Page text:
Posts Tagged: Tidy Tips
If you see a patch of California native wildflowers known as "Tidy Tips," look closely.
The yellow daisylike flower with white petals (Layia platyglossa) may yield a surprise visitor.
You may see an assassin.
An assassin bug.
A member of the family Reduviidae, this is a long-legged, beady-eyed beneficial insect that stalks its prey and snatches it with its forelegs, somewhat like a praying mantis. It conquers its victim with a squirt of deadly venom from its beak (the collective term for its piercing, sucking mouthparts).
Once it has immobilized its prey, the assassin sucks the bodily contents, like a milkshake slurped through a straw.
The assassin bug, true to its name, ambushes, attacks and captures other insects, such as aphids, flies, crickets, mosquitoes, beetles, caterpillars and "sometimes a hapless bee," said Bohart senior museum scientist Steve Heydon.One thing about the Zelus assassin bug--it does not fly very fast. In fact, it totally ignored the camera poked close to its protruding eyes.
The camera neither looked like or acted like a predator or prey.
Patch of Tidy Tips
Sip of Nectar
The Tidy Tips, a native California wildflower (Layia platyglossa, family Asteraceae) is a welcome addition to flower beds.
If you walk behind the Sciences Laboratory Building on the University of California, Davis, campus, patches of Tidy Tips abound.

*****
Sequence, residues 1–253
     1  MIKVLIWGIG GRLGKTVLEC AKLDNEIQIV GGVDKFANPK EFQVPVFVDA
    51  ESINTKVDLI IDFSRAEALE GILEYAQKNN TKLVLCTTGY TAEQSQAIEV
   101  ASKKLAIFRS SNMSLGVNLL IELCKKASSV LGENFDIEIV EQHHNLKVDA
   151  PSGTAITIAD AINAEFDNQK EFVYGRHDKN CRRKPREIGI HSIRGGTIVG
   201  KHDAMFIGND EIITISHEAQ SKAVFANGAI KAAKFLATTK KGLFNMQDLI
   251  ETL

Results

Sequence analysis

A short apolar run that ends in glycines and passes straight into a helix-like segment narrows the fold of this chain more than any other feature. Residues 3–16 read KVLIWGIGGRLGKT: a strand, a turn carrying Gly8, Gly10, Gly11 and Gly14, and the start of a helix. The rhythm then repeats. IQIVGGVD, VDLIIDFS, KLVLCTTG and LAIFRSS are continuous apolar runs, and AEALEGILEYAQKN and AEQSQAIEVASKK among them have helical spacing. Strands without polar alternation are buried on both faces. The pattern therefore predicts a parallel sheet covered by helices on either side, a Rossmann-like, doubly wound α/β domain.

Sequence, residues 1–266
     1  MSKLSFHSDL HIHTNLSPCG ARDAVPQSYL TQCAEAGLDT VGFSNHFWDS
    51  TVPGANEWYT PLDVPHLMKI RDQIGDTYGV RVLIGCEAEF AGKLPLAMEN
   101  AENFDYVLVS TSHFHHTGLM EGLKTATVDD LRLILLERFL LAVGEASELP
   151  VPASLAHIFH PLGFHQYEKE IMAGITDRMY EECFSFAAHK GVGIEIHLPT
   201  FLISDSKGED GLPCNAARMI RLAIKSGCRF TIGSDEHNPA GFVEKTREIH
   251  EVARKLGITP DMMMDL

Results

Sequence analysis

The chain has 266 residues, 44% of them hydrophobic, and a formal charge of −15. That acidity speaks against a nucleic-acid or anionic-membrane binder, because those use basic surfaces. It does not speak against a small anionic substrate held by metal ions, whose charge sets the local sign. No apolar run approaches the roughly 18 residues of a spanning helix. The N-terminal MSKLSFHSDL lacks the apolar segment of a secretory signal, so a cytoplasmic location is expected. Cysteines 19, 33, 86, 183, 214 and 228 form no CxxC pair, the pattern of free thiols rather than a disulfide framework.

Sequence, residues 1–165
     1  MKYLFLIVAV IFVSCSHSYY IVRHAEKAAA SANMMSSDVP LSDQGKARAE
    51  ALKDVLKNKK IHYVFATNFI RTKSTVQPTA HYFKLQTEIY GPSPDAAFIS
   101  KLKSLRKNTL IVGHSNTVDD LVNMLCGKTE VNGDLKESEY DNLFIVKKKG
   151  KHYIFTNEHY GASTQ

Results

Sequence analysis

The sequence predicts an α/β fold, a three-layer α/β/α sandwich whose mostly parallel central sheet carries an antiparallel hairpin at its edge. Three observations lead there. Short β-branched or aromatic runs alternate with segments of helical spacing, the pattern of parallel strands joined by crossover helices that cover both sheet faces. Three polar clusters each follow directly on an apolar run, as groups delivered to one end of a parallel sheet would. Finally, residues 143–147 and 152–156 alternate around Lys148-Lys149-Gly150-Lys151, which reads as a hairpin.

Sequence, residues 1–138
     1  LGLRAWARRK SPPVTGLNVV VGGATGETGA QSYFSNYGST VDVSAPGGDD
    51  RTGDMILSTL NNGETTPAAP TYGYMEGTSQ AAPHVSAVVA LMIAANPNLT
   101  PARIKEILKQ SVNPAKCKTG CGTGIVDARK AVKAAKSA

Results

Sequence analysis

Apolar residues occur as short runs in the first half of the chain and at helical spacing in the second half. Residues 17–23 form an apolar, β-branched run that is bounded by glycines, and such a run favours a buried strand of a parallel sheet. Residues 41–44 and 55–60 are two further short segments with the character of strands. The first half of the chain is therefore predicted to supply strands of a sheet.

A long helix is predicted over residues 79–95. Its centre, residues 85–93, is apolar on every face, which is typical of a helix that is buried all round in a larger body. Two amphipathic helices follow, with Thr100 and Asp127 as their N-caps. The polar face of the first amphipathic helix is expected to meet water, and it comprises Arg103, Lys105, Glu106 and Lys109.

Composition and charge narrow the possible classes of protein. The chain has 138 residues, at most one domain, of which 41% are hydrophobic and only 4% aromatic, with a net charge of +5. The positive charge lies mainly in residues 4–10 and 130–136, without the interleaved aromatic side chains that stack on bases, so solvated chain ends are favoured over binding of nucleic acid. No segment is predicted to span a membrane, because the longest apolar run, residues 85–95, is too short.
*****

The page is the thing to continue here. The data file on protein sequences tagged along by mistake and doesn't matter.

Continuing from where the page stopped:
If it's cold, windy and rainy, no honey bees. If we're graced with a "sun break," here come the bees.
Sun break on the Tidy Tips...a sure sign of spring.
Honey Bee on Tidy Tips
It's not spring until you see honey bees, carpenter bees and butterflies on Tidy Tips.
That would be Layia platyglossa, a wildflower native to southern California. Its common name is "Tidy Tips" or "Coastal Tidy Tips." It's a daisylike flower with yellow petals tipped in white, thus the name. It's a member of the aster family.
A flower bed in the center of the UC Davis campus (near the Science LaboratoriesBuilding) boasts an intermingling of the yellow-and-white Tidy Tips and sky-blue Desert Blue Bells (Phacelia campanularia).
Insects think so, too. On any given day you'll see honey bees, carpenter bees, butterflies and lacewings holding family reunions.
Painted Lady butterfly (Vanessa cardui)